Get tips on avoiding over-correcting kids in with food, stimulation, and discipline. Keep things appropriate and balanced.
by Rachel Norman
I first heard the term “over-correcting” in reference to driving. Imagine driving down the road when you’re suddenly distracted by your toddler attempting an escape from the car seat. You gradually veer to the left as you attempt to keep the fugitive strapped in.
When you realize you are heading towards oncoming traffic you quickly jerk the wheel to the right and, instead of the straight direction you were on previously, you’re now headed right fast and in danger of running off the road, into a ditch, or into the pole holding up the McDonald’s sign. Hey-ho, that’s where you were headed anyway, right?
In parenting, over-correcting is when we change our current course drastically in the process of troubleshooting. It often makes it difficult for us to determine the cause of the current issue and is rarely effective.
A prime example of this happened a few months ago when my oldest daughter was 24 months. “All of a sudden” she started taking an hour or two to get to sleep for her afternoon nap. That is, if she took one at all. That time is when I normally work from home so after a few days I was fit to be tied and popping blood vessels all over the place. She stayed in her crib the whole time, but I knew she needed to sleep.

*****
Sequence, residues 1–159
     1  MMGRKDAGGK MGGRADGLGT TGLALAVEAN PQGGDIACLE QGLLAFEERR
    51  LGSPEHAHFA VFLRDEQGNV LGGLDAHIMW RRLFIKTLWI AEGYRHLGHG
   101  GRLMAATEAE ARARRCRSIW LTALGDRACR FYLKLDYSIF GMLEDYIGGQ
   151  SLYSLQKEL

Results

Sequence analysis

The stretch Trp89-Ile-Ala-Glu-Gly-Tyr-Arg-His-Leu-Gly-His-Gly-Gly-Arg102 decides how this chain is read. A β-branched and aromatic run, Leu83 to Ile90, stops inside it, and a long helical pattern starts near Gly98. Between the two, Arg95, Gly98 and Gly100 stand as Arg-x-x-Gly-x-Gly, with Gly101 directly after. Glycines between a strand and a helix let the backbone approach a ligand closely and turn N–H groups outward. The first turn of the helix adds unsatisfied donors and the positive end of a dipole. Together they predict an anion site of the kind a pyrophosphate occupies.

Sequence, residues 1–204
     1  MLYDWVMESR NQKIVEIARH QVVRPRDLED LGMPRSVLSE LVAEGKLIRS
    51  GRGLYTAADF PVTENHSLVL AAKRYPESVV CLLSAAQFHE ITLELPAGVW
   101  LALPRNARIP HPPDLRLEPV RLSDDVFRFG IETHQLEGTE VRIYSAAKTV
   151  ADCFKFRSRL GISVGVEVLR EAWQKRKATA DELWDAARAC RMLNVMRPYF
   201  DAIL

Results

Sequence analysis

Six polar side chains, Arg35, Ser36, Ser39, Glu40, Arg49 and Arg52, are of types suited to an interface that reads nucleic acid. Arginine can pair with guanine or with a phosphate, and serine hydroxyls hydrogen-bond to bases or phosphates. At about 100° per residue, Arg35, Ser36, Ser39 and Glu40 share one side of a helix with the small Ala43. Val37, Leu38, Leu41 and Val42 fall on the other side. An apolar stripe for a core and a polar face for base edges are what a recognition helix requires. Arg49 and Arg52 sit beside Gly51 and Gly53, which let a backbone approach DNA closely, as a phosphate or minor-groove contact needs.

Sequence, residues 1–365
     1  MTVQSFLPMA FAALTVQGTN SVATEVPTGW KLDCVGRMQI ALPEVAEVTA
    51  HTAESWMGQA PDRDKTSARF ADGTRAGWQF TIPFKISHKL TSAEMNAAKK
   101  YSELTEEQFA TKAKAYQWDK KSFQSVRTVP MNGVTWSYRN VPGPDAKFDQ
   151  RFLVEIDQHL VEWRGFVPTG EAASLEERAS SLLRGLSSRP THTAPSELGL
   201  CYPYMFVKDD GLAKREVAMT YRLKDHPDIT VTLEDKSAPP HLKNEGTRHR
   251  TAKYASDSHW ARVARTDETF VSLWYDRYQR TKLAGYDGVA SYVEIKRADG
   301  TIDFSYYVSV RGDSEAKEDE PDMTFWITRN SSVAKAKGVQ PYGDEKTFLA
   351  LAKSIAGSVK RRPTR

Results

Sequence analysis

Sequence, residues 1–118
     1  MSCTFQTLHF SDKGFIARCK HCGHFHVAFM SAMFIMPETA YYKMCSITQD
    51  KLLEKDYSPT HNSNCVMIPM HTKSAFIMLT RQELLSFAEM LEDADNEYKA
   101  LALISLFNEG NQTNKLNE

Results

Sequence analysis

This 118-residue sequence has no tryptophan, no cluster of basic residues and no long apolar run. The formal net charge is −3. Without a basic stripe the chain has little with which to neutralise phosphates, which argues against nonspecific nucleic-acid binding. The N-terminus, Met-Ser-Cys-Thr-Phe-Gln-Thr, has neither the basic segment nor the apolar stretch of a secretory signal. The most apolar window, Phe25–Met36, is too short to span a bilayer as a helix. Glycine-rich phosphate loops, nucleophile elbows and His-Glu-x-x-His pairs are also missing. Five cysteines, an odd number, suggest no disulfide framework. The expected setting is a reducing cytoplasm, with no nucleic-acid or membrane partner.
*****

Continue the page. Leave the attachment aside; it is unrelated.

So, I started to put her to bed at 6:30 or 6:45, about 45 minutes earlier than her normal bedtime. I was fearful she would get used to the lack of sleep and like it so I wanted to keep her well-rested. This went on for a few days and then something wonderful started happening. My 24-month old and my 13-month old started to sleep until 8 or 8:15am. I knew it wasn’t the best habit, but did I care? No. Why? I was pregnant and exhausted. I started thinking Babywise was indeed a sleep method from heaven and counted my lucky stars. Unfortunately, it was short-lived.
Naps continued in a bad fashion until the time change came around, about a month into this bad napping phase. Then, finally, a light bulb went off. She was taking an hour or two to get to sleep therefore having a shorter nap. But, I was putting her down almost an hour early for bed and letting her sleep almost an hour later in the morning. In short, I had increased her nighttime sleep and weaned her of her nap. Accidentally. For shame! I stopped putting her to bed early, started getting her up at 7:30am as per the previous norm, and voila, naps came back to normal. I felt stupid for my mistake, but I was too busy celebrating to care.
Thoughts on over-correction
(1) In the food department. Another area we’re in danger of over-correcting is with our babies and toddlers diet. We can give enough food at snack time that they won’t eat at mealtime. Then, because we want them to sleep well, we give them a big bedtime snack. The baby may fight the breast during the day (as mine did when I became pregnant and he didn’t like it) so I tried to keep my milk supply up by feeding him at night long after he was sleeping through. Not wise. They may fight the veggies at dinner so you compensate by piling high the yogurt. Does that help teach them to eat what you serve them? No, it teaches them that when dinner isn’t good they’ll hit the jackpot with dessert. If they refuse something at the table (and I mean as a matter of habit, a mom knows the difference between a preference and a picky eater) then don’t over-corrrect by stuffing them full of what you know they’ll eat. It’ll only prolong the agony.